Set in Bristol’s Student Union cafe and bar, I met Catt, the manager of Pitch Fight, an all female identifying a cappella group who sing about strength and resilience (but also enjoy the odd cheesy pop song – who doesn’t?).
It’s a lazy but sunny morning as Catt and I sit down to start talking about their upcoming performance for International Women’s Day on 2nd March, and what it means to the group. As soon as Catt starts talking about the message behind their performances, I can see her face light up – her enthusiasm and energy is contagious.
Here’s our conversion on the power of song, and why you should definitely catch Pitch Flight’s performance at Bristol’s International Women’s Day.
B: So, to kick off – what sort of performance is it?
C: The sort of a cappella we do is competitive collegiate a cappella – so we take a pop song, someone in the group arranges it into seven parts and then we learn it. The thing that makes a cappella different (other than the lack of instruments) is that, since we perform live, we really get to think about the meaning behind each song, and that’s the most special part of our performances; conveying the emotion of each song.
B: Do you have a message?
C: There’s never really an overall message in our performance as each set we perform is different – it’s usually just song by song. As a group we like to sing songs that are about independence, and strength, and want the audience to come away with something to think about.
B: Why International Women’s Day? To perform at such a celebrated event seems like a pretty big message.
C: Last academic year, we performed at the Bristol Women’s Voice AGM (Annual General Meeting). Because they liked our performance and what we stood for, they asked us to sing for International Women’s Day last year. After they presented their awards, we sang a song to the women which was a really special moment. Bristol Women’s Voice had asked us to arrange Quiet by Milck for this occasion and we loved the arrangement so much we went on to use it in competition. If you listen to the song, it’s everything we’re trying to support.
B: Wow, that sounds amazing! So, is there a call to action of your performance? Are you singing to celebrate independence or are you trying to inspire people by your piece?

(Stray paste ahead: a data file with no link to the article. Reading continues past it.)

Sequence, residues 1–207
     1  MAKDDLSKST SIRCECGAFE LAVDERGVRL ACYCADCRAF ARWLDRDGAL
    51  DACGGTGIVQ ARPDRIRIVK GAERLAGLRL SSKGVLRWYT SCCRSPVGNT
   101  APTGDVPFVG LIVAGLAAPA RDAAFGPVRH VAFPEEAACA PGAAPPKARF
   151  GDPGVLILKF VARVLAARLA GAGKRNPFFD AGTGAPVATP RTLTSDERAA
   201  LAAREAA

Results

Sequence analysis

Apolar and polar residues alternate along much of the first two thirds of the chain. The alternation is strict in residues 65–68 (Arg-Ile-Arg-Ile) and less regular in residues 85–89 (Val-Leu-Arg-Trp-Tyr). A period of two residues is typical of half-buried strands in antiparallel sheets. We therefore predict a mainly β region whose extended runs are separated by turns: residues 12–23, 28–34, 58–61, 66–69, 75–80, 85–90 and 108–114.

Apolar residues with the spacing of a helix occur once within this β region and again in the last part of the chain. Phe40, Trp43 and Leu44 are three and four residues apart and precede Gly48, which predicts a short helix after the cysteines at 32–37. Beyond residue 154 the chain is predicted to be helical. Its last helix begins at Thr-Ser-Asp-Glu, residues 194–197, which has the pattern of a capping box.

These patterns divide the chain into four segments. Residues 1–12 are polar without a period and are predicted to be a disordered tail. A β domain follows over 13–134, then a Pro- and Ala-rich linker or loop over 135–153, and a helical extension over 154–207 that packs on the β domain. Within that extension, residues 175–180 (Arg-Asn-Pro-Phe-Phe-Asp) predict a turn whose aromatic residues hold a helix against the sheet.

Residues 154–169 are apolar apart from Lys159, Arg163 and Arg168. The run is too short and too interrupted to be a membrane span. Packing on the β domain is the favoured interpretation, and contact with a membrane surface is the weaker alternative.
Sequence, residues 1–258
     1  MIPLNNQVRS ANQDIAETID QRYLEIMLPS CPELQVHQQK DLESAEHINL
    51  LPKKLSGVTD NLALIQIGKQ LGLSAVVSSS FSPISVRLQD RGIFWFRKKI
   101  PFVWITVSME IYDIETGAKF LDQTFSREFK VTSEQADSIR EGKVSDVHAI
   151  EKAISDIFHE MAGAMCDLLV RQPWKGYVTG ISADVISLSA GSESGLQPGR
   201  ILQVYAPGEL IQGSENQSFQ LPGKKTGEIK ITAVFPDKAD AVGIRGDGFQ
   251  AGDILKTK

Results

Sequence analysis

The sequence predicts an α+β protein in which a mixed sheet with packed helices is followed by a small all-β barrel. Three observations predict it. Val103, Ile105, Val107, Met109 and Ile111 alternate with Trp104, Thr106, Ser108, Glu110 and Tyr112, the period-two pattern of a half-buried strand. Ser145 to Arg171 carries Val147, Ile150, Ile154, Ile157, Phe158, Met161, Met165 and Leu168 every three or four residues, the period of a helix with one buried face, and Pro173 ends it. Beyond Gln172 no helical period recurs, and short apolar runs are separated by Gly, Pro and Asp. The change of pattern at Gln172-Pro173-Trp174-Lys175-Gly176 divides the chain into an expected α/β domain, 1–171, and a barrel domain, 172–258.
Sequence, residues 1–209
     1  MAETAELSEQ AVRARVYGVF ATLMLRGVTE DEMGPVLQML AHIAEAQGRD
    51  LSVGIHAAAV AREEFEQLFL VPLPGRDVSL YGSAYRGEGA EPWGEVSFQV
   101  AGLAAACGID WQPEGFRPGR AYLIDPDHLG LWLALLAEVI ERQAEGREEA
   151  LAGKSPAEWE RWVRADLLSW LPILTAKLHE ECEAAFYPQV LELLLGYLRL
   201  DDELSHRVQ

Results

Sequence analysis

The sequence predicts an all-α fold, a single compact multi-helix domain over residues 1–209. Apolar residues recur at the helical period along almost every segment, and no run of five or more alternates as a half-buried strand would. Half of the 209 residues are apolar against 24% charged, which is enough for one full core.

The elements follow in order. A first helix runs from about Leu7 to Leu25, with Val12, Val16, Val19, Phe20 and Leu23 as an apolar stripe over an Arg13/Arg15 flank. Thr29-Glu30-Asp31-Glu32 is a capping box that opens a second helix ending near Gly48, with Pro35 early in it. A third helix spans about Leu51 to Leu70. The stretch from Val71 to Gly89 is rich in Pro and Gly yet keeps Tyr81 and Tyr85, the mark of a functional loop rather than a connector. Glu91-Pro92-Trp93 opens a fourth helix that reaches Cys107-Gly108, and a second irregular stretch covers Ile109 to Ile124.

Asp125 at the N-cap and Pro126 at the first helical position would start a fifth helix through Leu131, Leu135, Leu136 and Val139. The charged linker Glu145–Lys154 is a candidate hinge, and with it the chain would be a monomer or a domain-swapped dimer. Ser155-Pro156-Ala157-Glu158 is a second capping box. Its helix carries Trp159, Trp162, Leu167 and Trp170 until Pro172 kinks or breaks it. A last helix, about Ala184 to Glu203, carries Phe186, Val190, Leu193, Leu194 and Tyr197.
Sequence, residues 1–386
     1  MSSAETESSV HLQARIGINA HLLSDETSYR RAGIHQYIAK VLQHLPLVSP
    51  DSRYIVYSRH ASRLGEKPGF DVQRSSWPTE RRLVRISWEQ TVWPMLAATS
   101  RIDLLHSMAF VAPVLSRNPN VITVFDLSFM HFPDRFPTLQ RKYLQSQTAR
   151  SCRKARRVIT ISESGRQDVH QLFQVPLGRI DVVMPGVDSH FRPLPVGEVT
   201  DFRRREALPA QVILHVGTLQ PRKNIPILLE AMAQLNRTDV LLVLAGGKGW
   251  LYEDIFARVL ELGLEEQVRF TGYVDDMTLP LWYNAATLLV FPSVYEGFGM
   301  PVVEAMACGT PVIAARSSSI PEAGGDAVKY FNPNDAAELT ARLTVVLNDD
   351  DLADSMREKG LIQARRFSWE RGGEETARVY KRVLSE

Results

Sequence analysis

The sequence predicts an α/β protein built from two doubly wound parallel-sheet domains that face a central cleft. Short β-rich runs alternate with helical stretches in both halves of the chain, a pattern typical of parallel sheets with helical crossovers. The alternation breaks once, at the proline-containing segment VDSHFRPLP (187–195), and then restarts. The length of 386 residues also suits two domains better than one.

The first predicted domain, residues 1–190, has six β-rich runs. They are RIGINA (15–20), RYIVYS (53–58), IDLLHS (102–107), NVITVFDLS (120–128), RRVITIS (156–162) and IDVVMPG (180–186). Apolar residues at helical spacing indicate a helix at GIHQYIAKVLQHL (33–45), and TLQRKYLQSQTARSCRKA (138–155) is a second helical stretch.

C: A bit of both really. Last week we did a performance of four songs, and the last one is Fall in Line by Christina Aguilera. The central message of this song is about fighting back against societal expectations of women such as how we should dress and act, which is something we very much support. Through the choreography and the emotion of the song, we try to get that across because it’s a really important message. Every field you go into there’s some element of gender imbalance; we’re all passionate about combating that and passionate about performing so we try and marry the two.
B: Do you have any big inspirations you use?
C: A lot of the time, if we like a song and we know can perform it we’ll just get it arranged. At the beginning of the year, we don’t have a set concept, it’s just whatever fits and whatever works and what we’re going to enjoy.
B: So your choreography – is that unusual in the a cappella world?
C: In a cappella it’s usually movement as opposed to choreography, but the standard is getting very high. Over the last year, we’ve won outstanding choreography at a number of competitions, but there’s really stiff opposition from other groups. With new people coming into the a cappella scene and pushing the boundaries, it’s forcing the level to go up. As the group’s choreographer I really enjoy it because I’m not the strongest musicality wise but I get to put into the group what nobody else can. Part of the nature of being in the group is appreciating each other’s strengths and the different benefits we can all bring to the table.
B: So what’s in for the future? Will you continue competing and taking part in events?
C: Competition wise, we have the UK finals at the beginning of March, because we qualified from our first round in Exeter earlier this month, so we’re hoping to do well there. Then we’re going to the Fringe again this summer, and hopefully doing more and more gigs along the way. We’re also hoping to record an EP later in the year and potentially release a music video. Watch this space!
B: Is there a favourite moment in your performance we should watch out for?
C: Well I think the whole group would agree, the last song Fall in Line is the moment where we all come together and believe in the message and the performance so much that we all get so excited to perform it. And I think that definitely comes through, you know, when you enjoy watching people who enjoy performing. We’re very excited to sing it in a context where the people around us are going to get the message.
B: Well I think we can conclude there, thank you Catt and I can’t wait to catch you guys at International Women’s Day!
If you just can’t wait until their performance on 2nd March, you can get a sneak preview on their YouTube, Instagram and Facebook (@pitchfight). Also, check out their website pitchfight.co.uk.
Report by Bethan Stone, BWV Reporter.